City of Burnside
Episode 4: Paul Deb
CEO, City of Burnside
“Our data is a hundred times better than we’ve ever had”
One of the biggest challenges facing executives is the pressure to match the demand for improved services, while reducing costs. Delivering more for less is a simple problem, but in local government it can be hard to deliver, given the vast array of services the sector provides. City of Burnside CEO Paul Deb discusses why digital innovation is key to unlocking long-term benefits and delivering better services to the community.
Lay of the land
Local government authorities are constantly trying to strike a balance between increasing cost pressures and finding new ways to better serve the community. How would you describe the current landscape?
The costs for providing services and maintaining infrastructure are increasing, as are resident and business expectations around service provision. The overall effect is that councils are expected to provide a wide range of services, whilst ensuring these are relevant to the community and delivered in the most efficient and effective manner possible.
To meet these expectations, councils need to explore new models of service delivery. Technology plays a significant role in how citizens interact with councils, so it has become increasingly important for councils to look at how they can integrate digital services and social media throughout their organisation. This is critical, given community engagement and participatory decision making is at the forefront of everything they do.
Improving service delivery
How are you driving digital transformation within City of Burnside?
I find that the best way to drive digital transformation is to create a culture where staff are empowered to innovate. Fostering an atmosphere where different business units can collaboratively work together has been critical to our success, and has enabled us to transform our business operations and customer experience over the past couple of years.
Alongside a culture of innovation, implementing solid and robust enterprise software has been a key enabler in our digital transformation journey. Up until June 2017, we still operated using largely paper-based processes and had to pay admin staff to double handle information and key data into our CRM. Not only was this a frustrating and time-consuming experience for our customers, it was impacting our operational efficiency.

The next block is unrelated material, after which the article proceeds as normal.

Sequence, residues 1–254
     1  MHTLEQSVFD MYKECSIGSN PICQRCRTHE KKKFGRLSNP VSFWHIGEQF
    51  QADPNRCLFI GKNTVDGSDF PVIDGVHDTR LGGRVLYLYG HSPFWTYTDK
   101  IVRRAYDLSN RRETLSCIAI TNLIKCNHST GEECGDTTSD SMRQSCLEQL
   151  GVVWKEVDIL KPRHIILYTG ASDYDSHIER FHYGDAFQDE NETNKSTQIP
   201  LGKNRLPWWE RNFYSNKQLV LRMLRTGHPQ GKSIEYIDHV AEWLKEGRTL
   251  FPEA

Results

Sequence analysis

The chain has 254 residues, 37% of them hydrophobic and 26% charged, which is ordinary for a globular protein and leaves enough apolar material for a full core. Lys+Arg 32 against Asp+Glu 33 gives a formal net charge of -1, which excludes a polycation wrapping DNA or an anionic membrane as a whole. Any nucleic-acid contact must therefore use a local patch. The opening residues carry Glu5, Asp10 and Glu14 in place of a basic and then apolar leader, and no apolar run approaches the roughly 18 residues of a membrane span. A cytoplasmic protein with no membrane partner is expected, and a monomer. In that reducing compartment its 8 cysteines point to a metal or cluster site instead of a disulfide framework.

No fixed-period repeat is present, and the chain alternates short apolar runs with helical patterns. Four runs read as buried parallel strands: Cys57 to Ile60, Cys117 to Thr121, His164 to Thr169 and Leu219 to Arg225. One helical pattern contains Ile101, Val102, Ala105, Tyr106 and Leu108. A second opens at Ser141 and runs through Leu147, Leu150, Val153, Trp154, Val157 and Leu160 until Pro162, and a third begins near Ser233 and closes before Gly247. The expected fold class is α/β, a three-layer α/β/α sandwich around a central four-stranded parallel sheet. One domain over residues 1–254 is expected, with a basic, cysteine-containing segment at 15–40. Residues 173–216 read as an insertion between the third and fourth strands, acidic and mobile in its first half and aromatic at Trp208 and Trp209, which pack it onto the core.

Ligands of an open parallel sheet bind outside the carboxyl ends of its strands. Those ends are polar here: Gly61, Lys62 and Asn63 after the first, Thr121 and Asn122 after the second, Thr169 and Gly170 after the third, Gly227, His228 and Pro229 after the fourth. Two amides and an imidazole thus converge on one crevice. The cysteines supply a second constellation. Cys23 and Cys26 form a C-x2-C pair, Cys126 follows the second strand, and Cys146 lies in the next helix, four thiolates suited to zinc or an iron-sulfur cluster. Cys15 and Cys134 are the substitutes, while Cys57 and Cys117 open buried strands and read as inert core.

At the end of last year, we pioneered the latest TechnologyOne Asset Lifecycle Management software, Work Orders, which has digitised and streamlined this process. Every work order is integrated into our TechnologyOne Asset Management system, allowing us to track the time and resource used in maintaining our assets. Digitising manual processes has transformed our organisation. We now have data that is a hundred times better than we’ve ever had, meaning we have very powerful business intelligence and can leverage this for evidence-based decision-making in the future.
We have also launched an ‘Action Burnside’ portal, where customers can see the status of their requests, as well as a map of other requests in their neighbourhood. It’s super intuitive and easy to use, seamlessly integrates with our CRM Work Orders software, and makes for a much better customer experience.
Looking further ahead, optimising our software to further streamline operations will remain a key focus. We are currently working on upgrading our software to TechnologyOne’s Ci Anywhere platform, which will essentially offer greater flexibility to our workforce by enabling them to work on any device, anywhere in the world at any time.
Alongside a culture of innovation, implementing solid and robust enterprise software has been a key enabler in our digital transformation journey.
What has been the biggest challenge you’ve experienced on your digital transformation journey?
It’s sometimes challenging to convince some elected members and members of the community that an investment in technology is key to longer-term efficiencies and improved asset management. Anything that does not provide a visible service improvement such as footpaths, roads or playgrounds can be a lot more difficult to gain support for. There is always a dilemma where people find councils to be a bit antiquated, yet any substantial investment in modernising digital services or costs related to creating more efficient shared service models with other councils is often criticised.
We have found that when a transformation project provides a visible benefit for the community and receives positive feedback, such as the Urban Forest interactive website we recently implemented, it reassures us that we are headed in the right direction and creates an appetite for further innovation.
Looking further ahead, what are your key priorities for the future?
Smart City outcomes are on our horizon and a key theme in our Corporate Plan. We are currently working with the University of Adelaide, The City of Prospect, The City of Campbelltown, The City of Port Adelaide-Enfield and the City of Playford to deliver a ‘Connected Places’ program, which is a linked series of sensors that will provide useful data from a major swathe of Adelaide’s metropolitan area. This will provide de-identified pedestrian data that is reliable, timely and provides usage data for Council assets and business areas.
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